Load Balancing Microsoft Exchange 2010 with FortiADC

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1 Load Balancing Microsoft Exchange 2010 with FortiADC Highly Available, High Performing, and Scalable Deployment with FortiADC D-Series Appliances Exchange 2010 and Application Delivery Microsoft Exchange Server 2010 was released in late 2009 as the successor to Microsoft Exchange Server It introduced a number of new features as well as changes to existing features. Enhancements were added with Service Pack 1 (SP1) in 2010 and again in 2011 with the release of Service Pack 2 (SP2). This guide was originally written for SP1 and was revised for SP2 in Load Balancing Requirements for Exchange Microsoft recognizes the need for load balancing client access in all but the smallest Exchange deployments. For Microsoft s overview of load balancing recommendations in Exchange 2010, please see: Important Note: This guide is written only for the FortiADC D-series platform. The instructions included within are not designed to be used with the FortiADC E-series platform application delivery controllers. As stated in the above document, client access in Exchange 2010 is concentrated at the Client Access Server (CAS) or middle tier of the Exchange Architecture. Placing a load balancer in front of the CAS array ensures that resources are used efficiently to provide the best user experience for both internal and external client access: In earlier versions of Exchange, Outlook connected directly to the Mailbox server hosting the user s mailbox, and directory connections were either proxied through the Mailbox server role or referred directly to a particular Active Directory global catalog server. Now that these connections are handled by the Client Access server role, both external and internal Outlook connections must be load balanced across the array of Client Access servers in a deployment to achieve fault tolerance. A load-balanced array of Client Access servers is recommended for each Active Directory site and for each version of Exchange. While software load balancers and reverse proxy solutions can be adequate for smaller deployments, larger deployments will benefit from the features and capacity provided by a hardware load balancer. Among other issues, Microsoft recognizes the following limitations with Windows Network Load Balancing, the most popular software based load balancing solution for Exchange: Due to performance issues, we don t recommend putting more than eight Client Access servers in an array that s load balanced by WNLB. 1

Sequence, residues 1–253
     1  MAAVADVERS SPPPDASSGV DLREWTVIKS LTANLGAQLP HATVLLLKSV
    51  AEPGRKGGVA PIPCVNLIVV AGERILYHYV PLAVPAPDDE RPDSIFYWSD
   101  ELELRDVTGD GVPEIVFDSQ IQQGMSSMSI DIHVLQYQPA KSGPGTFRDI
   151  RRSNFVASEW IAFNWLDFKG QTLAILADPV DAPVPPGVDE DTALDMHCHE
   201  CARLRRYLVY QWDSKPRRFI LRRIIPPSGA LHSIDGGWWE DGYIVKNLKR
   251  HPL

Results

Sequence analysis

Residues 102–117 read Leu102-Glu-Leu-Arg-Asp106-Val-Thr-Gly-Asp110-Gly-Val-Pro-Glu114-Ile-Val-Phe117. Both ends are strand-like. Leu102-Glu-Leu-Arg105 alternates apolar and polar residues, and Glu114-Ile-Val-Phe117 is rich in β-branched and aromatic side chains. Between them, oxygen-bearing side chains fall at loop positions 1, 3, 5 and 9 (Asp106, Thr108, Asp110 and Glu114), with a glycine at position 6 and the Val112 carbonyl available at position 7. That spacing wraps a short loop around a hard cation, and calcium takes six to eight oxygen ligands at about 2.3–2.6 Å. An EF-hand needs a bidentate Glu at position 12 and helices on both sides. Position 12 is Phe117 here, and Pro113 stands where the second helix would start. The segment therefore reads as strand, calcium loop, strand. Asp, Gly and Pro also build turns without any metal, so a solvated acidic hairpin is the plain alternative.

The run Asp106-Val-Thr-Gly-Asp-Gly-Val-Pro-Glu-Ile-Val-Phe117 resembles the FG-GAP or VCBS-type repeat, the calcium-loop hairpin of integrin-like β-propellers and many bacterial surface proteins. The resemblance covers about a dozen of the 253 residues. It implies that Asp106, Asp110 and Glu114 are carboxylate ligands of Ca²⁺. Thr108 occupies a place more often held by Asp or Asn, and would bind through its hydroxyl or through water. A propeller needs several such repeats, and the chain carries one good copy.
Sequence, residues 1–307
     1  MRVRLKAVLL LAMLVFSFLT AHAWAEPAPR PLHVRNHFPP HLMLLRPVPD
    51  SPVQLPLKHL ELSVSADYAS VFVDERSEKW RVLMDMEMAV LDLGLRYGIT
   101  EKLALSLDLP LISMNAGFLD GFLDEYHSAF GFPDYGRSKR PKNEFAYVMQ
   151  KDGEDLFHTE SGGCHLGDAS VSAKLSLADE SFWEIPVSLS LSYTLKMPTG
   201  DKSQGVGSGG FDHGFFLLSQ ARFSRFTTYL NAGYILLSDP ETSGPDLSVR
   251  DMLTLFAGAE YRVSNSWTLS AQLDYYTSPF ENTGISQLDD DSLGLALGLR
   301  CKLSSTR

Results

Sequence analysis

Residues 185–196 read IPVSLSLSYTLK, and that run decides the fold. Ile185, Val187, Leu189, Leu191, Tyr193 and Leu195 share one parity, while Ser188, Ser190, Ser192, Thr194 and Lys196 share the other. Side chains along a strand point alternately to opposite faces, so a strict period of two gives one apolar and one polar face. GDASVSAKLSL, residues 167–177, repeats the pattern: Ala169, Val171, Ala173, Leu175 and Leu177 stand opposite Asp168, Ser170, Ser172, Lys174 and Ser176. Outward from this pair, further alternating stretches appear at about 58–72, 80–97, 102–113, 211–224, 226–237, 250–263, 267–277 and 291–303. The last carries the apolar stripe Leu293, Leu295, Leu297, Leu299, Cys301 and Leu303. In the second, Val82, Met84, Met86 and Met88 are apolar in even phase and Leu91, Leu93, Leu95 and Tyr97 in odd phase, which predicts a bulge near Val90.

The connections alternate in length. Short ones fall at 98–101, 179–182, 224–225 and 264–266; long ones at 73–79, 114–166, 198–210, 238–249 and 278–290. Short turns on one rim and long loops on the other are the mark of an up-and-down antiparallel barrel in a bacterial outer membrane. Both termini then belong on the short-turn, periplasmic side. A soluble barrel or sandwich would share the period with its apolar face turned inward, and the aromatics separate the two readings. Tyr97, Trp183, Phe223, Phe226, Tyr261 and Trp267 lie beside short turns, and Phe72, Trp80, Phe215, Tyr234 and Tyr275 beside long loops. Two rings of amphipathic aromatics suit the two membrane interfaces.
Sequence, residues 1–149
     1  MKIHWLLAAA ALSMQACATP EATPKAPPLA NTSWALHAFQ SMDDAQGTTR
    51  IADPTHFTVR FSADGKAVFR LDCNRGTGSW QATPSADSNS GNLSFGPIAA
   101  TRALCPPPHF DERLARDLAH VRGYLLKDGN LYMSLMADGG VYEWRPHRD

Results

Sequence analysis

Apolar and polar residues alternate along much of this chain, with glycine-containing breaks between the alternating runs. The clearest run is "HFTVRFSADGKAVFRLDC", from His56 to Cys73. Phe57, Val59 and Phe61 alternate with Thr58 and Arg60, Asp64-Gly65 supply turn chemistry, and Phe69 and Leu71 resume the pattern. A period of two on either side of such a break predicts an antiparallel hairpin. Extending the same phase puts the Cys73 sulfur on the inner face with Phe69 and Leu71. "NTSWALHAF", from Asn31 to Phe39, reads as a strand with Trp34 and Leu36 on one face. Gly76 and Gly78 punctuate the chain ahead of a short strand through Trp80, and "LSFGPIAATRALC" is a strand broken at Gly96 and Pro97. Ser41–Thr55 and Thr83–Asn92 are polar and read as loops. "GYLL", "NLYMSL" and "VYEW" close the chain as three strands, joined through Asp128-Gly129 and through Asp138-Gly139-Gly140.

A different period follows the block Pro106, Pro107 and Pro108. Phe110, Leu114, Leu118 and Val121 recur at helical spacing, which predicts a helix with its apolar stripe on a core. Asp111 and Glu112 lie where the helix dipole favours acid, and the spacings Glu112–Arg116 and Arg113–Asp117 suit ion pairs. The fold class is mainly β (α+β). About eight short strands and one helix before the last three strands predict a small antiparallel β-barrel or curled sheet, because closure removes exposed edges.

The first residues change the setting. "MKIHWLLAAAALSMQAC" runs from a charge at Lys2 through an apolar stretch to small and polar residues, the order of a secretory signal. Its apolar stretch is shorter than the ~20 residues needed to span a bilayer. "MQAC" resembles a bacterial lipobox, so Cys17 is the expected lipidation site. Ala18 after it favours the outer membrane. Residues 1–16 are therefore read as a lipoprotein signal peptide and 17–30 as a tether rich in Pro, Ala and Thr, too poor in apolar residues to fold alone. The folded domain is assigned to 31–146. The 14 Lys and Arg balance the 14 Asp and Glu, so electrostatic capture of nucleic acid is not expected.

2 WNLB doesn t detect service outages. WNLB only detects server outages by IP address. This means if a particular Web service, such as Outlook Web App, fails, but the server is still functioning, WNLB won t detect the failure and will still route requests to that Client Access server. Manual intervention is required to remove the Client Access server experiencing the outage from the load balancing pool. WNLB configuration can result in port flooding, which can overwhelm networks. If you have more than eight Client Access servers in a single Active Directory site, your organization will need a more robust load balancing solution. Although there are robust software load balancing solutions available, a hardware load balancing solution provides the most capacity. Another reason to deploy a hardware load balancer with Exchange 2010 is that Exchange uses a concept called a Database Availability Group (DAG) to provide high availability at the database level. A DAG is a group of up to 16 Mailbox servers that host a set of databases and provide automatic database-level recovery from failures that affect individual servers or databases. This architecture requires the use of an external load balancer to provide high availability above the database level. 2

3 The FortiADC Difference There are a number of hardware load balancing products available on the market with a wide range of features and capabilities. FortiADC differentiates itself by providing superior value; advanced acceleration features, high performance, and reliability born of over 10 years of industry experience. FortiADC not only load balances Internet service requests across multiple servers, but also accelerates application performance and provides application aware features that monitor server load and improve server response times by as much as 25%. In addition to basic load balancing, FortiADC provides: uuautomatic server and application health monitoring uuintelligent, application aware load balancing policies (least connections, fastest response time, and round robin). uucontent switching the ability to change load balancing behavior based on the content of a client request uucontent rewriting the ability to rewrite data or links being sent to the client. uussl offloading and acceleration uureal time graphical performance monitoring and reporting uuredundant High Availability (HA) configurations uuhttp Compression to reduce bandwidth requirements uuhttp Caching to reduce load on servers and speed client responses. uuvirtual Domains to segregate your network into separate domains and multitenant environments For more information on how FortiADC can make your applications work better, faster, and more economically, please visit 3